Olympus to pay $6.6M in duodenoscope-related damages — 6 key takeaways

Washington state jurors ordered Olympus Corp. to pay Seattle-based Virginia Mason Medical Center $6.6 million after a patient contracted an infection because of an improperly cleaned Olympus duodenoscope, Kaiser Health News reports.

Here's what you should know:

1. Although ordering monetary compensation, state jurors rejected claims that Olympus' duodenoscope was "unsafe as designed."

2. A Virginia Mason Medical Center patient contracted an infection in 2013 after the Olympus scope was improperly reprocessed. The patient died because of said infection. The victim's family filed the suit and was later joined by the hospital. The jury did claim the hospital was partially at fault for the death, and ordered the hospital to pay the patient's family $1 million.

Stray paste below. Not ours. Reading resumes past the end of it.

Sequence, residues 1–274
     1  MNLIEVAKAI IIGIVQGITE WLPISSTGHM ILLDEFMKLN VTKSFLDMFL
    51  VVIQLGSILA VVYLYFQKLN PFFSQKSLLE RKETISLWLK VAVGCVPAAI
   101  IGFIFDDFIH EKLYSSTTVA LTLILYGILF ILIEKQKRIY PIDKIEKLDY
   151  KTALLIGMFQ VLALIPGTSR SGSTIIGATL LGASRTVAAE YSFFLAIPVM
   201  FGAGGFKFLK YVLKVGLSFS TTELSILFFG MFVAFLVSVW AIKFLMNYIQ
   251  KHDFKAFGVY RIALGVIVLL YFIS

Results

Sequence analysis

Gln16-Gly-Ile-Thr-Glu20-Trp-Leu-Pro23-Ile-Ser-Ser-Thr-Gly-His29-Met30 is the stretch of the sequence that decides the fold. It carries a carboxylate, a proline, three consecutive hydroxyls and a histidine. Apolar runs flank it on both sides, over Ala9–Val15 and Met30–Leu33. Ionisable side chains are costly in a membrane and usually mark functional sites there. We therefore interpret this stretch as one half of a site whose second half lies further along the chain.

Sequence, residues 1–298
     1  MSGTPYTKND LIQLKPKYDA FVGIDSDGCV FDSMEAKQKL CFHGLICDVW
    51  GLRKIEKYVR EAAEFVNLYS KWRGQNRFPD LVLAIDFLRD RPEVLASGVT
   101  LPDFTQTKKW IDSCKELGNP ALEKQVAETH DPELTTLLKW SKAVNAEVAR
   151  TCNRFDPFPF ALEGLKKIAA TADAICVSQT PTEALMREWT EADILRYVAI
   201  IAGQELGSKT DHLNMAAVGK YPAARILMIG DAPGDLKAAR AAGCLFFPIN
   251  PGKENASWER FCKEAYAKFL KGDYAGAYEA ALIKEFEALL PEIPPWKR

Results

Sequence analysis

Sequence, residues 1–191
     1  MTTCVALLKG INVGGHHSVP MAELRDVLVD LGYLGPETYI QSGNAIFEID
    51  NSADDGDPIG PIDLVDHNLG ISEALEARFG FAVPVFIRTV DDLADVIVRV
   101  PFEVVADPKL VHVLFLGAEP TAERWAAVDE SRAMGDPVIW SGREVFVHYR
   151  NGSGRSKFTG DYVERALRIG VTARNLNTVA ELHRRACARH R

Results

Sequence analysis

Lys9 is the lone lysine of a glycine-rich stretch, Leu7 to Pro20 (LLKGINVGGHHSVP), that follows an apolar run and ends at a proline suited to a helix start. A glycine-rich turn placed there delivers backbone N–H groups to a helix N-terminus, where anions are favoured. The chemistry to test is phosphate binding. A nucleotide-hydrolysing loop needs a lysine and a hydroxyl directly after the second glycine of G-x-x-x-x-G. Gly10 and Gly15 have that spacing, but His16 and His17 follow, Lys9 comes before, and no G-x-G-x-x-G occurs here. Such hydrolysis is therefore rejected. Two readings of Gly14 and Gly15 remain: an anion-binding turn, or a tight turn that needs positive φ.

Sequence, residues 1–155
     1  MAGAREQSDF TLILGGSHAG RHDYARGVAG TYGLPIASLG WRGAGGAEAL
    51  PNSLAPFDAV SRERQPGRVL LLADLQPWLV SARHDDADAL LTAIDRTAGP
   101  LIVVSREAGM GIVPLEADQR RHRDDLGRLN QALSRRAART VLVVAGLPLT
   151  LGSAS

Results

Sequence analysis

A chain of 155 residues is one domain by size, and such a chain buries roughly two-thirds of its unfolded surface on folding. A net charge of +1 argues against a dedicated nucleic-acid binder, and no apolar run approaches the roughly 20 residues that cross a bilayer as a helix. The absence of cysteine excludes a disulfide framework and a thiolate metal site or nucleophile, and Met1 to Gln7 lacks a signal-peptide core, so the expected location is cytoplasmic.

3. Despite finding the scopes safe, jurors did found, "Olympus failed to provide adequate warnings about the scope or instructions for it use after it was manufactured," which directly affected Virginia Mason.

4. Several patients and families have filed similar suits against Olympus. The government is investigating Olympus and two other manufacturers over the patient infections.

5. Thirty-nine infections were linked to Olympus' scopes and Virginia Mason, in what is one of the largest superbug infections to date. There were other related cases at centers across the U.S.

6. An Olympus official issued a statement to Kaiser Health News praising the jury's decision over the scopes safety, and offering the patient's family condolences.

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